Union Tribune | Oceanside, CA | November 22nd, 2012
400 volunteers picked up more than 900 Marines throughout the day and brought them back to their San Diego-area homes for turkey and trimmings as part of the Armed Services YMCA Home Hospitality Program. — Bill Wechter
OCEANSIDE — By Thursday afternoon, Minnesota native Meng Thao knew where 10 members of his family were heading: to his sister’s house in suburban St. Paul to celebrate Thanksgiving.
It was the first time Thao would be unable to join them.
But the 18-year-old Marine, who is training at Camp Pendleton, did have someplace to go.
He and five fellow Marine Combat Training privates and private first classes were picked up on base in three vehicles Thursday morning and driven 40 minutes to a get-together in Oceanside as part of the Armed Services YMCA Home Hospitality Program.
The Marines, joined by one sailor, played football and ate 14 pounds of prime rib and 21 pounds of turkey with two host families at a massive Thanksgiving feast that included 24 people.
“It feels like we’re one, big, old happy family,” said Thao, who graduated from high school in June. “It means a lot to know there are people out there who will spend their holiday with Marines like me. I think it really brings out the meaning of Thanksgiving.”
In all, about 400 volunteers picked up more than 900 Marines throughout the day and brought them back to their San Diego-area homes for turkey and trimmings as part of the program.
Ingo Hentschel, a retired Marine who co-hosted the Oceanside dinner with neighbor Andy McCoy, said he has had service members join his family for the holiday since 2006.
“We used to do the traditional Thanksgiving, just with our family,” Hentschel said. “When I joined the Armed Services YMCA, I decided to try it. It certainly was more hectic, but a lot more rewarding. It really goes to the heart of what Thanksgiving is all about. It should be about taking care of others, doing something for others.”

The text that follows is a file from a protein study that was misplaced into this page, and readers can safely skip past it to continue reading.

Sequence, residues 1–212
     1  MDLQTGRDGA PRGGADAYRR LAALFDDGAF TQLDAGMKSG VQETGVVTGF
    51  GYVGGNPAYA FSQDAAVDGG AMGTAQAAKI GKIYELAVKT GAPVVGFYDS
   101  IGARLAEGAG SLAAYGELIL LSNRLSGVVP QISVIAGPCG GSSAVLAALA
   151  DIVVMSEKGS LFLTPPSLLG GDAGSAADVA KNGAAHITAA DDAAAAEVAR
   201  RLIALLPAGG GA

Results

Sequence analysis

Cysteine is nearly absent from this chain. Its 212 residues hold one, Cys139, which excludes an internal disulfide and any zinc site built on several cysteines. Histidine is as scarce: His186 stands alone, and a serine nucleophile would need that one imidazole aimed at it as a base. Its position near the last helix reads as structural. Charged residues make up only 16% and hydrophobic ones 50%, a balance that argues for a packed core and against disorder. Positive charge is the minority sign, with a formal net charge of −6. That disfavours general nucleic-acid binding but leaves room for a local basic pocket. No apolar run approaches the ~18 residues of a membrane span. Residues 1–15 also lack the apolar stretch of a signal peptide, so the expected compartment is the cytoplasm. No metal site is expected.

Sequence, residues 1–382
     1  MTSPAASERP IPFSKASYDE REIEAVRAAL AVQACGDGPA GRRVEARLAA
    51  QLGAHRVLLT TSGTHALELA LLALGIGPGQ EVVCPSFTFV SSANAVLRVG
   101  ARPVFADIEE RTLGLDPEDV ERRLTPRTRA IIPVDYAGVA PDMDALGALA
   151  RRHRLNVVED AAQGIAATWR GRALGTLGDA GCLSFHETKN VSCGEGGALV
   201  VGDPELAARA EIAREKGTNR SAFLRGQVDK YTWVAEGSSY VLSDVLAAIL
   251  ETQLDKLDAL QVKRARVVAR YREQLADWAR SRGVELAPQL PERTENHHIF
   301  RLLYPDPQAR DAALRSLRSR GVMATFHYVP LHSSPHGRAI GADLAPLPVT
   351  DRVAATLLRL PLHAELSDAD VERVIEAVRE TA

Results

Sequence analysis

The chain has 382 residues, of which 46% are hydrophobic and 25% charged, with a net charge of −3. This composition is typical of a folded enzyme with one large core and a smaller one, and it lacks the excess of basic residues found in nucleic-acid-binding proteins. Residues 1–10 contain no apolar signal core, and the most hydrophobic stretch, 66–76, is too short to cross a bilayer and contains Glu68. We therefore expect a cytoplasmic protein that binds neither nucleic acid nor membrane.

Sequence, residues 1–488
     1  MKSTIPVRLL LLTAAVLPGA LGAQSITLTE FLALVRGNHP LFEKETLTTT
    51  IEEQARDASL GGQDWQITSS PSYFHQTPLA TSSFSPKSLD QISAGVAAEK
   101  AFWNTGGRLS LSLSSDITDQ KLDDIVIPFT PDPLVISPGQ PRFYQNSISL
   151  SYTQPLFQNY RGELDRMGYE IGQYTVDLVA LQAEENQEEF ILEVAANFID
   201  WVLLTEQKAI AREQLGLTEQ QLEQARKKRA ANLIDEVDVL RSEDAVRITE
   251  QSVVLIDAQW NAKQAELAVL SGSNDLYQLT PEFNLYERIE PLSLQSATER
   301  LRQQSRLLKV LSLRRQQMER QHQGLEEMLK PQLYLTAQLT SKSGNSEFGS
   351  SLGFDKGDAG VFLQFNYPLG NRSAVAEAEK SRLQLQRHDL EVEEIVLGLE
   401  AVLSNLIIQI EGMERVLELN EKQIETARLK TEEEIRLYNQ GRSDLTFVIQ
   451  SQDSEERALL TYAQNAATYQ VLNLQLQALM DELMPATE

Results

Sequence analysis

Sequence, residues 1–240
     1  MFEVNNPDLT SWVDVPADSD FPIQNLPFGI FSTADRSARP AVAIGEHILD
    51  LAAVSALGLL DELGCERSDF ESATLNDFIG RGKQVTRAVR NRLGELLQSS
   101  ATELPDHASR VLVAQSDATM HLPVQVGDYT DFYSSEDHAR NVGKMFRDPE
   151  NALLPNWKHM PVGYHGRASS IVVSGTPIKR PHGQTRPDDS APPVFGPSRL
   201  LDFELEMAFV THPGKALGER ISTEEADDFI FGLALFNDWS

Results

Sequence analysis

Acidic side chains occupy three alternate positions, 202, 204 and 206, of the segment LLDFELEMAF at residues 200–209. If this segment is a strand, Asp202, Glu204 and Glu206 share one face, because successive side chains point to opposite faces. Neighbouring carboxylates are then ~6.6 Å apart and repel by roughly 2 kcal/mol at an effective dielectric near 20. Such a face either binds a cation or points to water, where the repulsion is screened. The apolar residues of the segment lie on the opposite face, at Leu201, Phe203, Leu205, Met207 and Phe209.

The Marines and the sailor, who range in age from 18 to 20, grew up all over the nation — Wisconsin, Texas, Arizona, Illinois, Minnesota, Northern California and Guam — and all of them said it was their first time away from home on Thanksgiving. By the afternoon, they had blended in seamlessly with the Hentschels and McCoys.
“It means a lot because it lets me see how much the community cares about our service members,” said Timothy Wiggers, 18, of Springfield, Ill. “A lot of times, you don’t see the direct influence, the direct support people give. These people are opening up their homes.”
Added Chase Sweet, 18, of Windsor, Calif.: “If I can’t be with my family, it’s nice to be with a hospitable and down-to-earth family that is willing to take in strangers and make us feel that we’re at home when we can’t be at our homes.”
As for Thao, getting to spend the holiday with his friends from the base, as well as having the chance to have a traditional meal, made the day.
“I feel like I have two families,” he said. “A family I go home to and a family I train with, my Marine family.”
ASYMCA NOTE: This program is run by the Camp Pendleton ASYMCA Branch and usually fills up with repeat participants early on each year. Thank you!